I so appreciate your call for other strategies for dealing with sexual assault. It is clear from this Stanford case — where at least there was a conviction — and from so many others, such as the Jian Ghomeshi case in Canada (no conviction), that the conventional criminal justice system just doesn’t work for sexual assault cases, not just for lack of success in securing a conviction (if a charge is even laid), but also because of what the victims must endure to get the conviction. I keep feeling that some other approach is needed, but am personally at a loss as to what that might be. Your suggestions are a good start, I think.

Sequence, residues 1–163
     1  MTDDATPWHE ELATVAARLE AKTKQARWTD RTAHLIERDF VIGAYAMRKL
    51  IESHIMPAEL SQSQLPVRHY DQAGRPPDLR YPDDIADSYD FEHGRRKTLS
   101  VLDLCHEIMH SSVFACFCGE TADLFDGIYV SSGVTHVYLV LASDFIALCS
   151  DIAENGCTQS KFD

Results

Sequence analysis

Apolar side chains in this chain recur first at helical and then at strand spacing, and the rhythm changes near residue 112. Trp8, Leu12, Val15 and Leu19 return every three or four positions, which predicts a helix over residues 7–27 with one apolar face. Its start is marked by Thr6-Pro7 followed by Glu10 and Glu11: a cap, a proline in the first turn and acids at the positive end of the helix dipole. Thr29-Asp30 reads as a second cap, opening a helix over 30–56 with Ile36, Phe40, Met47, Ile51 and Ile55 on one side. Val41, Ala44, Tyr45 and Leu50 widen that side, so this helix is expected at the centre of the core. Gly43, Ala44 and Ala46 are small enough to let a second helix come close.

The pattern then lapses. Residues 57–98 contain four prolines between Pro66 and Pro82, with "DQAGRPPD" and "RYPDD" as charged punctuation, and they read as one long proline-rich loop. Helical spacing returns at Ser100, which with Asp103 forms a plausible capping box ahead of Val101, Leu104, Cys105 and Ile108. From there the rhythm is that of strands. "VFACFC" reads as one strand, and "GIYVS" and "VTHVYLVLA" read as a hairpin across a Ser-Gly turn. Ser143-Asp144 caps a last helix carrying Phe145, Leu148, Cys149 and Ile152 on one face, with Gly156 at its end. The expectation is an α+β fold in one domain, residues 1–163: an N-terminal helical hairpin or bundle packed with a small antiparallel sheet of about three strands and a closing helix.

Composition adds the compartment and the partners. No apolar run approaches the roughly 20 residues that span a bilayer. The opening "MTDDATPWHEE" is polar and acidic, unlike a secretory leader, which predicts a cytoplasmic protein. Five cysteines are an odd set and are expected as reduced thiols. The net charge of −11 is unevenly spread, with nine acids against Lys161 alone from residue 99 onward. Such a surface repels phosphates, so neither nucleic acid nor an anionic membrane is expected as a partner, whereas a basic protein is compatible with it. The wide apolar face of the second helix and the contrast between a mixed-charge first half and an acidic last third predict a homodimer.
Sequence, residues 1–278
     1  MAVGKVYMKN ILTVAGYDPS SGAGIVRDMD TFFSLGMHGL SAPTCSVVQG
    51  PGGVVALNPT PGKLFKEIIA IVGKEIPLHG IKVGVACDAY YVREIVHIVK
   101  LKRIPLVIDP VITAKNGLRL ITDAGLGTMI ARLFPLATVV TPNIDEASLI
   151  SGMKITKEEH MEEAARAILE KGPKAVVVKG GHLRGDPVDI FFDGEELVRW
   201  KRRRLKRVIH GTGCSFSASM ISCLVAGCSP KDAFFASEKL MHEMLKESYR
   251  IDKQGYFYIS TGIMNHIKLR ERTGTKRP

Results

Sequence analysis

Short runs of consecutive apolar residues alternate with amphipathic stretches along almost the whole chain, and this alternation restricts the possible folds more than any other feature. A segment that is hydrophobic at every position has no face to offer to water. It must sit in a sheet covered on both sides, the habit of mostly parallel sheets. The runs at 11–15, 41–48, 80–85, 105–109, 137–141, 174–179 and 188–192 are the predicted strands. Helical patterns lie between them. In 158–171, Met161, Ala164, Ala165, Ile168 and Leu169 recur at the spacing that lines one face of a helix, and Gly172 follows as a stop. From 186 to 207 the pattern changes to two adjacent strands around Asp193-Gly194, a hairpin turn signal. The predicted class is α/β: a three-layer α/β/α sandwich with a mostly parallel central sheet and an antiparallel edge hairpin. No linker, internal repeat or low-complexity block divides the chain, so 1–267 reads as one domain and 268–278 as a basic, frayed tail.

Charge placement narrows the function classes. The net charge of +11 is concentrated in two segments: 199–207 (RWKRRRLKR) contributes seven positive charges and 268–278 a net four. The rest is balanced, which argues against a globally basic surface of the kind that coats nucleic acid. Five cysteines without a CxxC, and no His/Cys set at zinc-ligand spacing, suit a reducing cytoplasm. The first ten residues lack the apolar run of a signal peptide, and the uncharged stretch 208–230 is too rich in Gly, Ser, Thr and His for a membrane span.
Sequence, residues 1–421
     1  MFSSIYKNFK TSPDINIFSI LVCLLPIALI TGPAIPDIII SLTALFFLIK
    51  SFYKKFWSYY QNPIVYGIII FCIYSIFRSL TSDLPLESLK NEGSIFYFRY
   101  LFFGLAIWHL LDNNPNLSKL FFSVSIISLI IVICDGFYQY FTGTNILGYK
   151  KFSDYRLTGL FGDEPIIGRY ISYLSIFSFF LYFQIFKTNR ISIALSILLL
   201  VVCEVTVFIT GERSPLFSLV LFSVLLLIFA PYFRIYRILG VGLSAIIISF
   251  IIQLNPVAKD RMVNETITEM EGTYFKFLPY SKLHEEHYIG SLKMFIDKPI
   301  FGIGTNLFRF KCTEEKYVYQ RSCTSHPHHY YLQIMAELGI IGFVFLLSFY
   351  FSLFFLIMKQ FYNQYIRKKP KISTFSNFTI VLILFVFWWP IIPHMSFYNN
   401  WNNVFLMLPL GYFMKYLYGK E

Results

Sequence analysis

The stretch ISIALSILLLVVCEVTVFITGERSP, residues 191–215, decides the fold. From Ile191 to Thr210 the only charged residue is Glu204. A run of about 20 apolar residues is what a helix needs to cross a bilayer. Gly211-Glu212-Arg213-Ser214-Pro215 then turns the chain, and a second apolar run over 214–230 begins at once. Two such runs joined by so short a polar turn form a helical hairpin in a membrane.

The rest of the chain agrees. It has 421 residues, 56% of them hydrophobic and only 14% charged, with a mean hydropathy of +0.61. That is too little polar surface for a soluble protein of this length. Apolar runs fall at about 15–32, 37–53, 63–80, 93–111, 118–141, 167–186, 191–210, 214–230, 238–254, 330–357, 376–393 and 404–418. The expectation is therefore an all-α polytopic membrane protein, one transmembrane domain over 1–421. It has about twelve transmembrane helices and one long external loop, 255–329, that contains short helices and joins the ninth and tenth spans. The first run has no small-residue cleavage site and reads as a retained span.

As you note, as well, it is really questionable whether jail time actually does anything at all to change a rapist’s ideas or behaviour. It is very hard for me to even say, since people’s outrage and profound pain are so understandable, but I actually think there needs to be more compassion for the rapists themselves — in the sense that if we actually tried to imagine their emotional and social realities, we might understand far more about what allowed them to act in this way than we certainly do now, when all we can do is shame them and name them monstrous and not-human. They are, unfortunately, all too human — and we share something with them, as they do with us — and I deeply wish that if we tried to share a common human understanding with them, we might understand better how to change the current rape-permissive culture we currently occupy. We need to call them back into humanity — rather than exclude them as monsters — so that they cannot get away with acting so monstrously. Monsters are not accountable for their actions — they are just being the monsters they are — while humans are absolutely accountable.